Are the elderly getting special treatment at the expense of the young? A recent report says they shouldn’t be exempt from swingeing budget cuts. But should the most venerable and vulnerable members of society be hit?
Pensioners have got it made. They get state handouts, free bus passes, free TV licences and allowances for winter fuel. They’re even getting a planned increase in their basic state pension above inflation.
And what do they need that extra money for, anyway? They’ll only spend it on luxuries like food, bills, clothes and maybe the odd gift for their grandchildren.
You may think I’m being a little unfair to the over 65s but this isn’t actually my assessment. These are the findings of independent think tank the Institute for Economic Affairs (IEA).
The report ‘Sharing the burden – How the older generation should suffer for its share of the cuts’ states that older people enjoy a privileged position at present and that they have been exempt from spending cuts.
The report claims that by including older people in the cuts, the government could save an additional £16bn a year.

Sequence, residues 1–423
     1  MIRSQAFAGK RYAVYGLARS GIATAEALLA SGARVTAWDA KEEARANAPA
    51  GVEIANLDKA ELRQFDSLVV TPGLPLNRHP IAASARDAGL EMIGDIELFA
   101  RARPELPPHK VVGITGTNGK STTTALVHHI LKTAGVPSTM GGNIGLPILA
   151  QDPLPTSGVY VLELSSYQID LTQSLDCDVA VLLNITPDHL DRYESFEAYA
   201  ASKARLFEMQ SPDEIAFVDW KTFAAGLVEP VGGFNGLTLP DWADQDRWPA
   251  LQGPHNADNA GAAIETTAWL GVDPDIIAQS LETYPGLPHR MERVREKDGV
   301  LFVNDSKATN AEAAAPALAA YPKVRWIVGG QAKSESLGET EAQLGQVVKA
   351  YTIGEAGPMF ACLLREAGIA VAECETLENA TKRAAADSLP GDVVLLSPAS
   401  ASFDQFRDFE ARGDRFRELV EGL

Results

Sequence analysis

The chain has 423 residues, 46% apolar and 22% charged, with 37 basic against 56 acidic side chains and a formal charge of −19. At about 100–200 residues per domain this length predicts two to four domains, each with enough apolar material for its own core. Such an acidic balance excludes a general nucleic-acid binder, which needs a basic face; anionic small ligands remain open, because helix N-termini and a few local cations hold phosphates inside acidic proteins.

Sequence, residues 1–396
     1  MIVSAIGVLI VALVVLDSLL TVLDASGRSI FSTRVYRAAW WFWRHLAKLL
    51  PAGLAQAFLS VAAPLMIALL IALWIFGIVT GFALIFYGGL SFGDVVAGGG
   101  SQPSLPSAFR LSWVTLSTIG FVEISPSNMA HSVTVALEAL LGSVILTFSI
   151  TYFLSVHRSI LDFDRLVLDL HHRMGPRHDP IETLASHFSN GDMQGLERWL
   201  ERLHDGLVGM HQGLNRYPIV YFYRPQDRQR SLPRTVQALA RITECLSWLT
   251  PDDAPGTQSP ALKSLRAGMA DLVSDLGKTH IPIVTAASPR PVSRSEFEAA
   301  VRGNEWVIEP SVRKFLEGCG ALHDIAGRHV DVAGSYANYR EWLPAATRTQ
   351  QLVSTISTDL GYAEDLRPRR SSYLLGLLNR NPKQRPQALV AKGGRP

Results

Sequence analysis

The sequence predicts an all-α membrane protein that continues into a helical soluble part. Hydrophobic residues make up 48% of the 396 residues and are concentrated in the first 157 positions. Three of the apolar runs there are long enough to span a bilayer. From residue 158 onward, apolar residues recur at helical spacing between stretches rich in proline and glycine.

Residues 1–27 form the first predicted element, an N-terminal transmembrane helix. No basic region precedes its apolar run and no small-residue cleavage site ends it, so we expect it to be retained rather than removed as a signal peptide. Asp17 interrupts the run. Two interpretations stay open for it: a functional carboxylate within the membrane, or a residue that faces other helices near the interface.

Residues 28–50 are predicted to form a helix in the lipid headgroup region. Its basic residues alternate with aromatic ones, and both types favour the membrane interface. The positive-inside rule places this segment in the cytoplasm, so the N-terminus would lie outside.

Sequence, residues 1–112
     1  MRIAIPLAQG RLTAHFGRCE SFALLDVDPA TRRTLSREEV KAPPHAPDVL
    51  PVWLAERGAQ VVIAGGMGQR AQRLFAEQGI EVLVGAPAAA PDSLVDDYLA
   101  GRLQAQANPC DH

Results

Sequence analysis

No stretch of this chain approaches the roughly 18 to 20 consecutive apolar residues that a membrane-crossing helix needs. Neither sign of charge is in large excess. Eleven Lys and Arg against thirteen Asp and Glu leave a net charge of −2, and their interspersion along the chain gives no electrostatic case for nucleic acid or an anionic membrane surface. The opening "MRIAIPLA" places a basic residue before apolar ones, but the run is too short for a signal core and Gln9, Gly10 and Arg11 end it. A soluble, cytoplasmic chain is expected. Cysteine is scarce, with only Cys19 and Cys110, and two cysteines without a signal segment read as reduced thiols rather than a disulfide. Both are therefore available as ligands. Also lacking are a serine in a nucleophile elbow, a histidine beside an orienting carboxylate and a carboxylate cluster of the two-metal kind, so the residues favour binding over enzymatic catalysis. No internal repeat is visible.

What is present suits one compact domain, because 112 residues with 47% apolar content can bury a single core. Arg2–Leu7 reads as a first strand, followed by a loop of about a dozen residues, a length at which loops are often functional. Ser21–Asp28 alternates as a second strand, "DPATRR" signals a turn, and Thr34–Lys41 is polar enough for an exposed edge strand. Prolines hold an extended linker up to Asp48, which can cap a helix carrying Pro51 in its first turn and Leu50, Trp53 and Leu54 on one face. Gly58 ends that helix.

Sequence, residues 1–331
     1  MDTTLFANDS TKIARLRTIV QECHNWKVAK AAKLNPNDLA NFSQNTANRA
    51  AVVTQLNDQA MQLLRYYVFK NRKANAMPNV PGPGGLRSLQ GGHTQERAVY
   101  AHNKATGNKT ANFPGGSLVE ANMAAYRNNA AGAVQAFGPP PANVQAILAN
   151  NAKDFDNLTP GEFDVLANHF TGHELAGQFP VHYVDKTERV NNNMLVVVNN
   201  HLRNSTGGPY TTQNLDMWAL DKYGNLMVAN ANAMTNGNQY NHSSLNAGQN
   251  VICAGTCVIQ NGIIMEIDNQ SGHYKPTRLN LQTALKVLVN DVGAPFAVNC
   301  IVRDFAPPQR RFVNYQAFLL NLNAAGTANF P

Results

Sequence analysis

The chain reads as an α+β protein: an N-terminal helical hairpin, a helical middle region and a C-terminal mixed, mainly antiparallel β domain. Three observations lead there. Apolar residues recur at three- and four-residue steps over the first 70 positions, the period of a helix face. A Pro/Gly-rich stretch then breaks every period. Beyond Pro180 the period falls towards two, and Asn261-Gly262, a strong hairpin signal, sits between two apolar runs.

Among other measures, the paper proposes that the cuts would include the abolition of free bus travel (£1.3bn saving), the scrapping of free TV licences (£0.7bn saving), raising the pension age to 66 by 2015 (£5bn saving) and the ditching of winter fuel allowance (£2.1bn saving).
Philip Booth, one of the authors of the report, said that:
‘The government has imposed many new burdens on the younger generation in how it has chosen to cut…They [the government] have let older people remain largely insulated from much of the cuts. It’s time this changed.’
He went on to say that the IEA review would lead to huge tax decreases that would benefit everyone, including the elderly.
Matter of survival
Now, while it’s true that the younger generation will be hit hard by the cuts, should we penalise those who have paid tax and National Insurance all their lives?
Gandhi said that: ‘A nation’s greatness is measured by how it treats its weakest members’.
Far be it from me to say that pensioners are our nation’s weakest members (my dad can still beat me in an arm wrestle and he’s 76!), but there are many who depend on their benefits to survive. If we abolish these and make them live on meagre savings and a smaller pension, we can effectively take the Great out of Great Britain.